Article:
That being if you’re gonna spend $3.5 trillion or rather, $500 billion on healthcare spending and call it an infrastructure spending, we’re gonna cut that out of your spending package through this Byrd Rule.

Now, much of that, I think, is left up to this sort of parliamentary procedure or that one individual to say what is and is not considered a part of the spending within that overall proposal or package.

That’s again, why I personally believe your voice matters so much now, to contact those senators, contact your legislators. Let them know if it’s this razor-thin, listen to me now more than ever.

Leahy: Andy Ogles, so there is a parliamentarian, and that recently appointed parliamentarian has ruled, that you can do it once and maybe twice, but only with certain circumstances.

What do you think Chuck Schumer is going to say if the parliamentarian says, you know what you want to do in that reconciliation package on the infrastructure bill? You can’t do it. What do you think Chuck Schumer is going to do?

Ogles: Well, just my opinion, but I don’t think they’ll care. The question is, can he move forward without an official ruling? I’m not a huge Mitch McConnell fan, I won’t go into the details. But all that to say, he has been a master of the Senate rules, which is why he’s been such an effective leader over the years.

This is where the Republicans are going to have to use the rules to their favor to try to block this, because, again, they’re not trying to pass a basic budget.

They’re not trying emergency spending for troops that are overseas or something that really necessitates this emergency action. And I think that’s really how you should look at budget reconciliation.

This is, again, the option of last resort. It should only be used where, again, you’ve hit gridlock to the point where basic functions of government are no longer working.

Leahy: The problem with that is that the Democrats have abandoned the concept of bipartisan cooperation. It’s my way or the highway.

Ogles: And they’ve abandoned the Constitution altogether. Look at what they’ve done during COVID.

Leahy: Minor point. Minor point. Actually a very good point.

Listen to the full third hour here:

– – –

Tune in weekdays from 5:00 – 8:00 a.m. to the Tennessee Star Report with Michael Patrick Leahy on Talk Radio 98.3 FM WLAC 1510. Listen online at iHeart Radio.

 

 

 

 

 

 

 

 

 

 

 

 

 

 

 

 

 

 

Star News Networks Washington Correspondent Neil McCabe Talks Biden Agenda Stall, Democrat Senate Seats, and McCarthy’s Dangerous Game

Star News Networks Washington Correspondent Neil McCabe Talks Biden Agenda Stall, Democrat Senate Seats, and McCarthy’s Dangerous Game

 

Live from Music Row Wednesday morning on The Tennessee Star Report with Michael Patrick Leahy – broadcast on Nashville’s Talk Radio 98.3 and 1510 WLAC weekdays from 5:00 a.m. to 8:00 a.m. – host Leahy welcomed The Tennessee Star National Correspondent Neil McCabe to the newsmakers line  to the newsmakers line to discuss the potential stand still of Joe Biden’s agenda, jeopardized Democratic Senate seats, and Kevin McCarthy’s uncertain strategy.

Leahy: We are joined on our newsmaker line now by the very best Washington correspondent in the country, representing Star News Network and The Tennessee Star, Neil McCabe. Good morning, Neil.

McCabe: Michael, a pleasure to be with you.

Leahy: What’s been going on in Washington this past week? What kind of trouble are they cooking up for the American citizens there in Congress?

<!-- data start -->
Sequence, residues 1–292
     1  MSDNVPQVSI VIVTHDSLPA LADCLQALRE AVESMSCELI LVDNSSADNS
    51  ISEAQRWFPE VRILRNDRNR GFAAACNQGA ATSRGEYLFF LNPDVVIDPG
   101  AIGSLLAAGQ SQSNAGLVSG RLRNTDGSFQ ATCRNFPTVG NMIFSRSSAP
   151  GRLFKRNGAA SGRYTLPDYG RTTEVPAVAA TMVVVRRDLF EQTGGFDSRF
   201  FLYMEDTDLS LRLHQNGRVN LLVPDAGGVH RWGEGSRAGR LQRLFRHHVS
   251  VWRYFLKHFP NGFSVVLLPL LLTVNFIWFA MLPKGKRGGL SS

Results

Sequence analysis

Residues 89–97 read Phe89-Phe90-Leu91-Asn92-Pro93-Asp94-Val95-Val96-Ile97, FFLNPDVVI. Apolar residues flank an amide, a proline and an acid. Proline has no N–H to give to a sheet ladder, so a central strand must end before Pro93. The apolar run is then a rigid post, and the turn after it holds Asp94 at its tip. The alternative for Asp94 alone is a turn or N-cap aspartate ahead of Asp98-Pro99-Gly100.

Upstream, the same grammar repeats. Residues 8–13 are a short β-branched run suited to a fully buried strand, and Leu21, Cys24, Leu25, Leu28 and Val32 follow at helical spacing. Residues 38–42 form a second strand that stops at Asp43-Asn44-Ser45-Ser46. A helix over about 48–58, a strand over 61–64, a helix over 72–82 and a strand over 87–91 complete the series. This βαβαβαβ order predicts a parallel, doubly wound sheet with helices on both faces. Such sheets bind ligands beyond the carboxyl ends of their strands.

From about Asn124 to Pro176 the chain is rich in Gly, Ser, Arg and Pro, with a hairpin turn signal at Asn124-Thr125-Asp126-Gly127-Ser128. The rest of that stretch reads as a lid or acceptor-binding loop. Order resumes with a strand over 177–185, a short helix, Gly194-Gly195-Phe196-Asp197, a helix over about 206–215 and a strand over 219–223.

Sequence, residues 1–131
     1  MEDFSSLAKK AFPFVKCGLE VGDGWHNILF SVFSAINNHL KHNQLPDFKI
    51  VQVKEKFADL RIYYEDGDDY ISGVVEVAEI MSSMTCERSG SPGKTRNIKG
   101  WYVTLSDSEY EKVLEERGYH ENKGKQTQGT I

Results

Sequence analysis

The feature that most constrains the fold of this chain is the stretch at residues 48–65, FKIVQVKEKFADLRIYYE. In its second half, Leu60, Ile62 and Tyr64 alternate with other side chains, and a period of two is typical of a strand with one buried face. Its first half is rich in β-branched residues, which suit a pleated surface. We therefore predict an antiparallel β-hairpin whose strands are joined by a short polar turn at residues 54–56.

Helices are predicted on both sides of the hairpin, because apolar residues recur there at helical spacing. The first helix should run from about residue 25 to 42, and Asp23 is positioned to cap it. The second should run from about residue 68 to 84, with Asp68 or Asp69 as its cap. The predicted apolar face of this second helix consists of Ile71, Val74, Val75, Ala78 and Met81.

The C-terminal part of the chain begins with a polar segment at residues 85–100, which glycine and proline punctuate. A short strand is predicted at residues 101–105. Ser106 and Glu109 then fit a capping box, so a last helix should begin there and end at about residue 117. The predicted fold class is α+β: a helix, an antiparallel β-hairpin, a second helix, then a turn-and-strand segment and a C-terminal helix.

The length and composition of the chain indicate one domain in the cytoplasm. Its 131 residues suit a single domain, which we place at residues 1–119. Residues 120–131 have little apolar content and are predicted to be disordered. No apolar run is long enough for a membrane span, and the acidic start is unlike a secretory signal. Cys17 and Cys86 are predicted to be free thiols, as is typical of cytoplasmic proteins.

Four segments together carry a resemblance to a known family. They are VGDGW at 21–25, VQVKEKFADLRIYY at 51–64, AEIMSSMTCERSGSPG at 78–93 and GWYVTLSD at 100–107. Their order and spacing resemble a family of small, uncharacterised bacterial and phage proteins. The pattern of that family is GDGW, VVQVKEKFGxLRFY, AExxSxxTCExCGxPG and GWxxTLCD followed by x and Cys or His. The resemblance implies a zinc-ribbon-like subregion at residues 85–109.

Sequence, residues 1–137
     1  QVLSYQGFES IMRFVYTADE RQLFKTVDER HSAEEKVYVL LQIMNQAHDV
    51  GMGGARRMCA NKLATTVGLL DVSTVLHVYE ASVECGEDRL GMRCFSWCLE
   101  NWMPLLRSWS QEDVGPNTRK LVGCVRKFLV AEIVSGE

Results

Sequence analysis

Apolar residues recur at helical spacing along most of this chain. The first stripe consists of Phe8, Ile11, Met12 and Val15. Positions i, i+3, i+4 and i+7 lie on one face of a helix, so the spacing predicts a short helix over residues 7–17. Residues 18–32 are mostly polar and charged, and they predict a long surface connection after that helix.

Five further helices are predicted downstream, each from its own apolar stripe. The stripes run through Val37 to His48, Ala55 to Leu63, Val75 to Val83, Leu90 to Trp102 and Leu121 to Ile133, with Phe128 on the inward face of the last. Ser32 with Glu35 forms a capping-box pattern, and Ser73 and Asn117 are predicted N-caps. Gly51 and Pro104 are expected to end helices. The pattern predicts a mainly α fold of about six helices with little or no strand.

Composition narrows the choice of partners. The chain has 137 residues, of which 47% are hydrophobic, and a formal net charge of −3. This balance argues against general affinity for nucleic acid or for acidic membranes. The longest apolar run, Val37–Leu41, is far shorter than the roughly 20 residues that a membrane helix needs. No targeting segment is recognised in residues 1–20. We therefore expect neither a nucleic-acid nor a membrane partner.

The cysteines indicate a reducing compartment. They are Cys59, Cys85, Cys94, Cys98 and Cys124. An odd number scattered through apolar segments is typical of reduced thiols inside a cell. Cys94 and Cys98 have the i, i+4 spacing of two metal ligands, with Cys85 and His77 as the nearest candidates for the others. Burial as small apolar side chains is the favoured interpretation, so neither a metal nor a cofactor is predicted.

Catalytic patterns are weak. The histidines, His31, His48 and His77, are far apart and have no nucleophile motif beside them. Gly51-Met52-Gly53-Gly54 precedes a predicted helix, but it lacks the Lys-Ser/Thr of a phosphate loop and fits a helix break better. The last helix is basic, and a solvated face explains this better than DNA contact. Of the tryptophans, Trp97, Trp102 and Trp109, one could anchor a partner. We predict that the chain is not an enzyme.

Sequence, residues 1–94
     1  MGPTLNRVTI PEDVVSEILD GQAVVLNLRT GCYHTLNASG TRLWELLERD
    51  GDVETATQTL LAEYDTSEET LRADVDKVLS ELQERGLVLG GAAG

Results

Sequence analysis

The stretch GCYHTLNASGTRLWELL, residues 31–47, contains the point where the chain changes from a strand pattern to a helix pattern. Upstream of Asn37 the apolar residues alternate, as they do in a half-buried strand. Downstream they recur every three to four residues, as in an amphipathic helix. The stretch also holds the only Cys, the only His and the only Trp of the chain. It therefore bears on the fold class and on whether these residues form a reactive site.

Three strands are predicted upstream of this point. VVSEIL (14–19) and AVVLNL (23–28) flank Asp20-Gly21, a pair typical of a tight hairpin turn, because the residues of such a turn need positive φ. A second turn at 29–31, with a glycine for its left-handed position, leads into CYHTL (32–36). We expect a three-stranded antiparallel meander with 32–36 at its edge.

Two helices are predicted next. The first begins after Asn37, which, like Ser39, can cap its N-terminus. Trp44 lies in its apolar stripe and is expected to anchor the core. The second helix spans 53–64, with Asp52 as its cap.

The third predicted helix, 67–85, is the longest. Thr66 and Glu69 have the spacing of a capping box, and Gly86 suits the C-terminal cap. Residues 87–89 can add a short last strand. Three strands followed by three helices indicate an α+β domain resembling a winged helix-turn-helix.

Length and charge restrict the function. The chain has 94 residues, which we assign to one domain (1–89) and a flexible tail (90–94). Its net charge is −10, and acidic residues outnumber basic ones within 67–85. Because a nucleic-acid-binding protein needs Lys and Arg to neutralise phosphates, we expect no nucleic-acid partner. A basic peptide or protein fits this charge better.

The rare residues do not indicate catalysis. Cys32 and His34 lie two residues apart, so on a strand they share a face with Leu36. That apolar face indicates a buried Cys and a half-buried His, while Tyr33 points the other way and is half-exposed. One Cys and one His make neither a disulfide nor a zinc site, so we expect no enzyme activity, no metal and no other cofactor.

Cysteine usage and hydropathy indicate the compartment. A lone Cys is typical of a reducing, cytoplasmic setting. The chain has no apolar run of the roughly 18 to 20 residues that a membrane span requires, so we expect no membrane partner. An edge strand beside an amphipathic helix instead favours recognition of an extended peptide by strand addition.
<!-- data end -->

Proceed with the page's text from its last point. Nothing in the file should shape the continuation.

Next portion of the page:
McCabe: Like I said last week, the opportunity to really move the Biden that agenda ended July third at midnight. And so now, basically, we’re sort of like in sports.

You’d call it garbage time between now and when people come home after Labor Day. And then they have to deal with the federal budget, which has also been put off.

I see nothing concrete moving on the Biden agenda, and pretty much it’s dead unless you consider some kind of push after his State of the Union address in 2022.

The problem is that Republicans are targeting 60 House Democrats. And those House Democrats are going home, and they’re finding out just how dangerous their reelection is.

And it’s going to be very, very scary for the Democrats because when these people come back to D.C. after Labor Day, they’re going to realize that Biden can’t save them, and they’re going to have to sort of figure out how do I keep my job?

It’s very scary for the Democrats. I’ll put it this way, if McCarthy flipped five seats today, he would be the Speaker of the House today.

And so he doesn’t act like somebody who’s five seats down. But when you’ve got a five-seat margin as Nancy Pelosi has, that means that she can only give five people a pass when there’s a tough vote.

When she had a 20 seat majority in the last session, that meant she could rotate around 20 people. Maybe they don’t want to take a tough gun vote.

Maybe they don’t want to take a tough tax or life vote. Now she can only rotate five people around. The Republicans should be pressing them every day.

They’re not because McCarthy just wants to run out the clock. But I don’t see anything really crazy or any of the sort of radical stuff that people were imagining would pass in January getting through any time soon.

Carmichael: When you say any time soon when they get ready to do the budget for the year, are you saying there won’t be some big package that’s passed without on the 50 vote in the Senate, deal?

What do you call that? Reconciliation? Are you saying that there will not be a big reconciliation bill, that it’ll be a continuing resolution?

McCabe: Reconciliation only matters in the Senate because you need a simple majority to pass that because it’s exempt from the filibuster rule.

And you only get one bite at the apple every fiscal year. But time is running out. The closer we get to 2022, the fewer Senate Democrats are going to want to be associated with the Biden administration program and certainly the leftists who have taken over what’s going on in the House.

So they should. And so you look at the infrastructure bill. They might not even get their own infrastructure bill through reconciliation the way things are going.